Get to the first feeding station (10Km in) and guzz down some warm Gatorade. Continue into the hilly section, very low hills at first. Going downhill in the icy conditions bit intimidating. I manage to V1 up all the hills without taking any breaks, though I do stumble to a near halt 3 times. I am way behind everyone in front, and no-one on my tail. Time-trialing really. V1 up the hills, then double-polling to recover my breath before the next.

Finally up the last big uphill. Then comes the very steep downhill, with two or more serious hairpins. I go into snow plough position but still scream down (reach 32.2 kph on this descent) screaming round the gouged out corners just staying upright. Phew. No falls this year.

On the final flatter 10Km I am still on my own, and race both V2 then as this gets too tiring a faster V1 - my right shoulder is complaining of all the pushing. I keep up closer to my goal of 15 kph. I can feel the wax losing on the left ski (my push ski in V1) but not so much in the right ski.

Skate all the way to the finish - not double polling in the tracks as I have done in the past as I have been so pooped.
Skated quite well (for me) but my time is still well below my goal of 2 hours (it is 2 hours 7 minutes) - not great.

I finished 22nd of the 39 - not too shabby but my average speed of 14.0 kph is still well short of the 15.0 kph to get a time under 2 hours in a 30 Km race.

December 2017/January 2018 training

Decide, with Juraj's encouragement, to keep kayaking through the coldest and darkest days of the year. Tough to go out alone in the dark, but works OK with two on Green Lake. Disorientating at first, but get used to it after a couple of Km.
Kayaking

Going out once or twice per week. Usually with Juraj, doing 12/14 km distance pieces. Average speeds usually no faster than 11.2 kph, fastest is 11.4 kph.
Skate Skiing

Skiing one day at the weekends. Iron Horse trail - for work on V2 skating along the flats, or Cabin Creek for V1 skating up all those hills.
Cross training

Some time in the gym. Some cycling to work (10 miles each way) but thinking of bailing on this - raining and dark makes a collision with a car all too possible - this would end everything so need to bail, or change my cycle route to work to be along trails.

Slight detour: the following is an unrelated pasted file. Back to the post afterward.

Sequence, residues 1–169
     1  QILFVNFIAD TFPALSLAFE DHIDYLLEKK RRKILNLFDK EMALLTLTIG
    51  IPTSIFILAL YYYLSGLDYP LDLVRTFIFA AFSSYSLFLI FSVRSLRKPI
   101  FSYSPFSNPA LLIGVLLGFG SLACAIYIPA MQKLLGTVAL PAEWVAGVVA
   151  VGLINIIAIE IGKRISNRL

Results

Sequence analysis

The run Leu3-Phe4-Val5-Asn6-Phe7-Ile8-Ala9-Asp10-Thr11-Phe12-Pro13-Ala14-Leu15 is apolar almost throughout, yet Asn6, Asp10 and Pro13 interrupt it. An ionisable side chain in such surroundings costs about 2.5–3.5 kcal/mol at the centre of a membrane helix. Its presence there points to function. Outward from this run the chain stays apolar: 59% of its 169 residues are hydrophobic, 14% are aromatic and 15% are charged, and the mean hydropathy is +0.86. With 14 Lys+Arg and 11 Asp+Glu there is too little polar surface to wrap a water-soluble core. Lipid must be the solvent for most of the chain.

Sound Rowers AGM 2017

December 2, 2017

Sound Rowers agrees to a small amount of sponsorship for my efforts to race in the 60 year old events at World Sprint Masters.

Training plan

December 1, 2017

I race one or two skate ski cross-country events in the winter. I suck at it, but it is very aerobic and great cross training, not to mention the fun of being out in the sun and the snow.
The plan is to train with the young (?) studs at Seattle Canoe and Kayak Club - including Juraj Osusky - a very talented and natural kayak sprinter, Egor - a Russian with only 2 speeds (blast and pooped), Don Kiesling and Jason Cross  when they are in town.

First step is to look the part. Hair coloring plays a key role in this. And some cool training gear and weight training to keep those guns in shape.

2018 Objective

Sound Rowers

Racing K1s in the open water events run by Sound Rowers was exciting, but I am bringing this to an end - too exposed water for such narrow boats. Under pressure from my training buddy Don, I have purchased a second hand surf ski. Never really liked them before but I do like the lightness and speed of the Allwave.

This is me in 2016 racing K1 at Elk river, in a light chop.

World Sprint Masters 2018

The World Sprints for both open and masters are in Portugal in 2018. Seems like a nice place to visit, and as i have just turned 60, seems like the best chance I am likely to have of getting a decent result.  

As a young man, my best results all came from 500m sprinting. 200m had not been introduced then, and I could not maintain my speed for 1000m. Back in the day when K1s had minimum width restrictions, and paddles were not wings, my best 500m K1 time was 1minute 56 seconds. Times were 10 seconds slower than they are now, the Olympics were won in that period in 1 minute 46 seconds. Not until sprint boats got narrower and wing paddles widely used did winning sprint times drop below 1 minute 40 seconds.

I am not even sure what distances 60 year olds race at Worlds, though maybe 200m, 500m, 1000m.

2017

I did not race much in 2017. Just the Guano Rocks race near Wenatche in October. i did canoe down the Green River in Utah, a solo 6 day canoe-camping trip through the remote and hot Canyonlands.